The Executive recognises the arguments for the legal professional bodies to remain primarily responsible for the complaints handling process and also accepts the strength of the argument put forward by the Justice 1 Committee that a completely independent complaints body is not required in Scotland.
The Executive then takes the view, however, that the door should not be closed to a more radical approach involving a clearly independent body being set up under the management of an independent board. This strikes me as though the Executive is prepared to consider going even further than Justice 1 envisaged and I wonder on what basis it makes such a suggestion. Also, it might be interesting to know how many members of the Justice 1 Committee have been involved in the current consultation.
The Executive appreciates the benefits of a familiar structure with increased powers for the Ombudsman, but again seems to favour a more independent approach while considering that a gateway system might be an appropriate adjustment of self-regulation.
The adoption of a single gateway with substantive complaint handling functions, or an independent complaints handling body managed by a board with a lay chair and lay majority, would clearly have a considerable impact on the current system.
As indicated, the Executive now seems intent on going further than Justice 1 and the concern must be as to how many responses they receive and from whom. Further, will those responses be representative of the Scottish public or will parties with vested interests predominate?
Hopefully the Executive will not only take full cognisance of the responses received but also reflect the nature of and reasons for such responses.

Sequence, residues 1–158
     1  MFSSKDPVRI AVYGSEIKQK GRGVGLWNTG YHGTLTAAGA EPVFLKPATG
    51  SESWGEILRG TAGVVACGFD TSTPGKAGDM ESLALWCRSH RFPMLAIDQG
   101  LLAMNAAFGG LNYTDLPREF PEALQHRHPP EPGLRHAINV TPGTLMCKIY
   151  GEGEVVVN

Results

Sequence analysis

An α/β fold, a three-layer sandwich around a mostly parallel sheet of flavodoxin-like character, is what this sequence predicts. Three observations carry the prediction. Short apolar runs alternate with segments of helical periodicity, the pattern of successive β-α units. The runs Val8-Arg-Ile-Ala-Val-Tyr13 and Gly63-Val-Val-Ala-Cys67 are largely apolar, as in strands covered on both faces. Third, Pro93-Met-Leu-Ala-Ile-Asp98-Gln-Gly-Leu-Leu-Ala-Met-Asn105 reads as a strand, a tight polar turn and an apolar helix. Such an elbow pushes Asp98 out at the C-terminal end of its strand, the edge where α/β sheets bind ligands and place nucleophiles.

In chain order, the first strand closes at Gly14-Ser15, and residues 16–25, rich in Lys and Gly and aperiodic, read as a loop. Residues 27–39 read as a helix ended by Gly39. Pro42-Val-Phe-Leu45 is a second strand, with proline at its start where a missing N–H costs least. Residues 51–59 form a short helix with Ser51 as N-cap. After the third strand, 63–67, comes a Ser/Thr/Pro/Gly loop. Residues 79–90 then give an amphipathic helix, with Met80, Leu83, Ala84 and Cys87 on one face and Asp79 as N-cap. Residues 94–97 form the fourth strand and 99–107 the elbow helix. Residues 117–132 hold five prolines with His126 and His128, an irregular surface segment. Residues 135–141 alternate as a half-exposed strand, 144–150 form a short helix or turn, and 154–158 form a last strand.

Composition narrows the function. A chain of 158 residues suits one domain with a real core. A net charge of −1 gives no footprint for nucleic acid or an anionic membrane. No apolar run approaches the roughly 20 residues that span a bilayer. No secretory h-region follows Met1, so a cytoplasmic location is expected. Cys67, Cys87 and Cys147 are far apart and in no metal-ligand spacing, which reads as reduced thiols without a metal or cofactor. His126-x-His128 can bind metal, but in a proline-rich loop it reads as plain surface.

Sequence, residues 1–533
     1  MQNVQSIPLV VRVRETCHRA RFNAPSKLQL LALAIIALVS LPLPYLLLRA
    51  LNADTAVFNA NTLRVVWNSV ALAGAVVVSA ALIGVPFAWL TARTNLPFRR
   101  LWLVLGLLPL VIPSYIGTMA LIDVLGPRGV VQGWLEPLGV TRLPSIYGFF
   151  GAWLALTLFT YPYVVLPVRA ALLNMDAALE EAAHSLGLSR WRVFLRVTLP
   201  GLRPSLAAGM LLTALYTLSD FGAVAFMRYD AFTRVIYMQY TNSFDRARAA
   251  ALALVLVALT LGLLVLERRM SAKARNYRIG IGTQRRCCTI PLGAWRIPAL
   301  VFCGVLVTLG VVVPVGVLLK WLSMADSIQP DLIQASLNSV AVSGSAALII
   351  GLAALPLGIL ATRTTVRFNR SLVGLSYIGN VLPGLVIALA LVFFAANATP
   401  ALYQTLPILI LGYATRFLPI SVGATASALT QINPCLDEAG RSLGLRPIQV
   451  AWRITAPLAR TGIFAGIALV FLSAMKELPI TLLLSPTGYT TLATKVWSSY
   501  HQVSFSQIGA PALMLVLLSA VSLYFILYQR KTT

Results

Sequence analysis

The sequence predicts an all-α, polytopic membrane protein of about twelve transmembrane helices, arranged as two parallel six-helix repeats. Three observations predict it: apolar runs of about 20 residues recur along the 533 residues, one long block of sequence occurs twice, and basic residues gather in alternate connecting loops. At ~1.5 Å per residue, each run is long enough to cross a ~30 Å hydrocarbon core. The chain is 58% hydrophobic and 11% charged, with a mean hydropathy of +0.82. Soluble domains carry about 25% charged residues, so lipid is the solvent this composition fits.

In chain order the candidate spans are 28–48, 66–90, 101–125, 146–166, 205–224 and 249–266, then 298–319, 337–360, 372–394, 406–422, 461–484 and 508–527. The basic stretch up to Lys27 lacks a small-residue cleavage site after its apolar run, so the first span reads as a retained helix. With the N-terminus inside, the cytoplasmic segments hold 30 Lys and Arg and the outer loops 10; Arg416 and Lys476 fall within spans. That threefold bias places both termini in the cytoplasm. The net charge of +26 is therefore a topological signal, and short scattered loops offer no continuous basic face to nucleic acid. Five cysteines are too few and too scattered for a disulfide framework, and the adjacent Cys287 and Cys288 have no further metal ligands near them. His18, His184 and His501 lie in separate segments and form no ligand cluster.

Chris Fraser is a non-solicitor member of a client relations committee
Building confidence, achieving value
As a CAB manager I have considerable experience of assisting members of the public in resolving complaints. I have been a lay reporter to the Law Society for two years, am a member of a client relations committee and have recently been invited to join the Client Care Committee.
“Reforming Complaints Handling, Building Consumer Confidence” are, I would suggest, two separate challenges! I have been impressed by the Society’s efforts to improve the complaints handling process through the increased involvement of non-solicitors and enhanced training and guidance for all reporters, including solicitors.
Consumers will achieve confidence in the complaints handling process by having their complaint listened to and responded to fully and within a reasonable timescale at all levels of the process. Greater emphasis on the involvement of non-solicitors at all stages must be communicated to complainers by the Society.
The new requirements for solicitors to introduce a formal complaints procedure is to be welcomed, together with the Society’s new complaints leaflet.
The Ombudsman, in her latest report, has made favourable comments about the improvements made by the Society to the complaints handling process. However, as the public looks to an Ombudsman as the “last resort” I am therefore concerned that options B and C would seriously reduce the options for a complainer by removing one stage in the process and reducing the numbers of lay people involved. Options B and C would also increase substantially the cost to public funds, not satisfying the requirements for “best value”. I therefore must support option A.
Anne Hastie is a non-solicitor reporter
No need for extra lawyers